In Sicario, Emily Blunt explores how female FBI agents handle stress and trauma
The actress quizzed female agents about how their work affects the rest of their life, in preparation for her latest role
At one point, potential backers of the movie Sicario encouraged its screenwriter to rewrite the lead character as a man so as to attract a big-name male star. But Taylor Sheridan didn't find that to be a compelling enough reason to shift his story's focus.
Instead, the character, a devoted FBI field agent drawn into a shadowy drug-war operation on the US-Mexico border, is played by one of Hollywood's most mutable actresses, Emily Blunt.
"There was some initial pressure there for the rather gross fact that you could up the budget by another third if you make it a guy," Blunt says of early discussions about rewriting her character. "That's so gross. You completely alter the dynamic of the piece. The interesting fact for the audience is that she is a woman. There's something unusual about that."
An action-driven thriller directed by Denis Villeneuve, Sicario kicks off when FBI agent Kate Macer discovers a cartel house stuffed with dead bodies. Although Blunt believably embodies a steely law woman, the actress says she was drawn into the film by what happens when Kate removes her bulletproof vest.
Explaining what intrigued her when she first read the script for Sicario, Blunt says, "the reveal of those bodies, and then all the images of Kate's apartment and the loneliness of her life. To go from that dynamic, crazy, traumatic experience to what happens in the aftermath, when people go home and they have to go to bed, that was what interested me."
Sicario surrounds Blunt with enigmatic men - Josh Brolin is a laconic government task-force official and Benicio Del Toro a consultant with a mysterious past. As Kate, she is the audience's proxy in attempting to tease out their murky motives.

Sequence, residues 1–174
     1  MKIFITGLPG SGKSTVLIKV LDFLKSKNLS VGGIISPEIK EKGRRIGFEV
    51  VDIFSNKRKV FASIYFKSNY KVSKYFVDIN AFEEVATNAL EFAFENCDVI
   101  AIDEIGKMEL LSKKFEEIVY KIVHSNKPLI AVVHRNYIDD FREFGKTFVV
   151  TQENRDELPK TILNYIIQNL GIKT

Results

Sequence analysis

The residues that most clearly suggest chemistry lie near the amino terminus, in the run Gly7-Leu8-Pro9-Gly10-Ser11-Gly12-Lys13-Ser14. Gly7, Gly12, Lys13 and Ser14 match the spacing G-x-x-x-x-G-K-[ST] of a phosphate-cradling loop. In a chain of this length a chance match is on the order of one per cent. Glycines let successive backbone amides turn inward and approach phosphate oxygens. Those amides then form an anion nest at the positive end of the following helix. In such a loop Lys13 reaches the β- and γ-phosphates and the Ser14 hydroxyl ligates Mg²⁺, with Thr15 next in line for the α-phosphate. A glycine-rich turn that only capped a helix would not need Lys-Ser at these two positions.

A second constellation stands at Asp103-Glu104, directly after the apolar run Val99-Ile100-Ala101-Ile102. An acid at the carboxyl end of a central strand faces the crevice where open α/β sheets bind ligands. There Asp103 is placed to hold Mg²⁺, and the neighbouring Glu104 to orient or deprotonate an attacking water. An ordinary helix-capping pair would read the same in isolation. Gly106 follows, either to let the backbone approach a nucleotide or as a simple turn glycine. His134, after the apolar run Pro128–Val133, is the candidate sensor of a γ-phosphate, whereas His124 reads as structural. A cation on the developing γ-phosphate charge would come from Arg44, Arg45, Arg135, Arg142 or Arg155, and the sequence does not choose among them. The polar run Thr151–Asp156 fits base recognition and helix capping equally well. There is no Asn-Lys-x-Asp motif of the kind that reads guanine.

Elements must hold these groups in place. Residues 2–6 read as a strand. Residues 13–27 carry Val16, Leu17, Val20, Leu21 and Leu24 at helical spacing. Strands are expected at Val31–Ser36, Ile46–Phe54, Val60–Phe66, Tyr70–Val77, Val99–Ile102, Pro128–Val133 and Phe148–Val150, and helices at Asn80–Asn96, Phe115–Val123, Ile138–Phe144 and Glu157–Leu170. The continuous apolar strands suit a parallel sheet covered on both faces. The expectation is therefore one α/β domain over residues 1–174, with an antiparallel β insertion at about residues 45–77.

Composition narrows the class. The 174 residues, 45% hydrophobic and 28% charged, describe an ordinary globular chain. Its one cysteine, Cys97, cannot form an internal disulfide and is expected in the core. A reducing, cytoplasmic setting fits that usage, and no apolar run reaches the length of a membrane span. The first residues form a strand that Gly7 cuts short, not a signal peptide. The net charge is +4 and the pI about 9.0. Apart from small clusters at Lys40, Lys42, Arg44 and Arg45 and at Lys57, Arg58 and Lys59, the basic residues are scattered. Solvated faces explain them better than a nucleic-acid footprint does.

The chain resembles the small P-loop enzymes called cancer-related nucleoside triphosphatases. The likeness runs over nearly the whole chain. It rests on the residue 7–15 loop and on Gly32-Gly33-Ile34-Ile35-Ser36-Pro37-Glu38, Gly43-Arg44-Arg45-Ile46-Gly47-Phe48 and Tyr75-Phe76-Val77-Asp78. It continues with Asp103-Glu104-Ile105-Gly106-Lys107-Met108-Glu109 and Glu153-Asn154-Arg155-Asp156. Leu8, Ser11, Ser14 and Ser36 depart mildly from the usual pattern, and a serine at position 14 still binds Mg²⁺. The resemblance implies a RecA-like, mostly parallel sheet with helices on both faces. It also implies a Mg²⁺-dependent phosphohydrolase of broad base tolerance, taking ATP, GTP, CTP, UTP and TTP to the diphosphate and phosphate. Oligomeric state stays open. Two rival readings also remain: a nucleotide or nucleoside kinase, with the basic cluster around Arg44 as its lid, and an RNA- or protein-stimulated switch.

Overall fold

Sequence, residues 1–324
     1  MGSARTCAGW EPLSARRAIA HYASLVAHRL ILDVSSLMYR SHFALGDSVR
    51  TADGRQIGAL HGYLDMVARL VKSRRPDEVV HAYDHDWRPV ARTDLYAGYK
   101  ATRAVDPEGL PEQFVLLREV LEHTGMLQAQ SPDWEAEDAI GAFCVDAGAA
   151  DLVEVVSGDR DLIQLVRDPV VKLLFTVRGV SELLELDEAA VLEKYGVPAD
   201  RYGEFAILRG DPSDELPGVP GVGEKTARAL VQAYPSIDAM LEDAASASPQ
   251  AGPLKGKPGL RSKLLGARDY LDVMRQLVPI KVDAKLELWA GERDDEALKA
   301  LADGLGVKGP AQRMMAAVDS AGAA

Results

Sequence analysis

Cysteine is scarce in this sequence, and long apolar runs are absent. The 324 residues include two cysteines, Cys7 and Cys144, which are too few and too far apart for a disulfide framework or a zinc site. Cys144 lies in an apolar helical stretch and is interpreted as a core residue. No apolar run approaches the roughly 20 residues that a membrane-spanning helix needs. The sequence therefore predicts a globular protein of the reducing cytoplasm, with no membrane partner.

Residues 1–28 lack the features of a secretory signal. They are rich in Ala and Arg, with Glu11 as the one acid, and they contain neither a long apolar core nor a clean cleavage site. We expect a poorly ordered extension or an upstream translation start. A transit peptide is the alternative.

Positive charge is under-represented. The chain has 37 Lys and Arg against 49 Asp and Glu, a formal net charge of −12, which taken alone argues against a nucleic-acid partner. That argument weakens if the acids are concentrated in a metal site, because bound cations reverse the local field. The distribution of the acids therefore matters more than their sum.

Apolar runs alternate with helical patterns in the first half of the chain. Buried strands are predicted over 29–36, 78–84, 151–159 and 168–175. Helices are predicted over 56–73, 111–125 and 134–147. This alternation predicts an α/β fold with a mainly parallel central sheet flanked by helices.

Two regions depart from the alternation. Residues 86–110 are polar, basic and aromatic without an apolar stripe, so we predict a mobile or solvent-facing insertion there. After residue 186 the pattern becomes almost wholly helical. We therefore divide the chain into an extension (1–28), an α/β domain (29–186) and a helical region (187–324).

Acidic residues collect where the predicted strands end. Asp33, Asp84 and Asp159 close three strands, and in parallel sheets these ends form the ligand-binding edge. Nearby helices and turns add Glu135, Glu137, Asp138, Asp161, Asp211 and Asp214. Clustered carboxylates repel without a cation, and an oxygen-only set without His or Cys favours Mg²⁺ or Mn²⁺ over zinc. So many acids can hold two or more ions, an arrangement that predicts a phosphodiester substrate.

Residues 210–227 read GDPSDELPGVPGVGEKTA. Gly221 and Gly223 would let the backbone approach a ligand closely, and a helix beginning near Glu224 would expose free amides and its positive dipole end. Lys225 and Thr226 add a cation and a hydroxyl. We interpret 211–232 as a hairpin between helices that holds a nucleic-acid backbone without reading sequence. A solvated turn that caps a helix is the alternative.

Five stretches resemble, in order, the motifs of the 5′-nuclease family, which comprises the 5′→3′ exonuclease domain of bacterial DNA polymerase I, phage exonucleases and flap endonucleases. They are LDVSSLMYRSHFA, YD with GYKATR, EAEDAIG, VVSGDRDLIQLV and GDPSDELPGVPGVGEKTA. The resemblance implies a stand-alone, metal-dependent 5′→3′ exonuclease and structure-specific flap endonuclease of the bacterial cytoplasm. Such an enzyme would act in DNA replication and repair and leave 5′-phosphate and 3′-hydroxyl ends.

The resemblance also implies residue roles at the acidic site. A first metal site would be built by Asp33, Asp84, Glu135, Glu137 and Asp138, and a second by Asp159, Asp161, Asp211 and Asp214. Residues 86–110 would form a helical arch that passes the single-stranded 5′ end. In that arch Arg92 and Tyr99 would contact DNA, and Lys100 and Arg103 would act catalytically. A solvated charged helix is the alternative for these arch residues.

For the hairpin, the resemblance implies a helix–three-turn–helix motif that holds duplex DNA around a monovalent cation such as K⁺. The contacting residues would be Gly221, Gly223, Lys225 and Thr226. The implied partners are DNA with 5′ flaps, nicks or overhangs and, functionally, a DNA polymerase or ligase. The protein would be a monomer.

It's a role that relies heavily on Blunt's relatability, a quality, along with her sense of humour, that unites the mostly disparate performances on her résumé. There's the tart-tongued fashion magazine assistant in The Devil Wears Prada, the fierce future warrior battling beside Tom Cruise in Edge of Tomorrow, the barren, singing Baker's Wife in Rob Marshall's Into the Woods.
For Sicario, Blunt relied on the stories of female FBI agents to inform her performance, taking from them both a sense of toughness and an everyday loneliness. "They were remarkably honest with me," Blunt says. "You're given no backstory in the film or the script. All you know about my character is that I'm divorced and I could do with a new bra. That's about it. These women, I asked them everything: if their job affects their sleep, their relationships, what do their parents feel? What frightens them? What's it like working with all the guys? One girl I zeroed in on, she was quite shy. I'd ask her things like, 'What do you do to decompress after a hard day?' She said, 'I come home and watch Downton Abbey.' The women are so normal."
In real life, Blunt, 32, is smart and self-deprecating, with a down-to-earth warmth. Aware, like most actors, that promoting a film is a performance in itself, she isn't afraid to acknowledge that it is often an unnatural one for her. "When I'm feeling low or uncomfortable, I assume a virtue I haven't got at that moment, which is to be upbeat, so it's almost like I'm faking it till I make it," Blunt says. "That's how I tend to walk through life."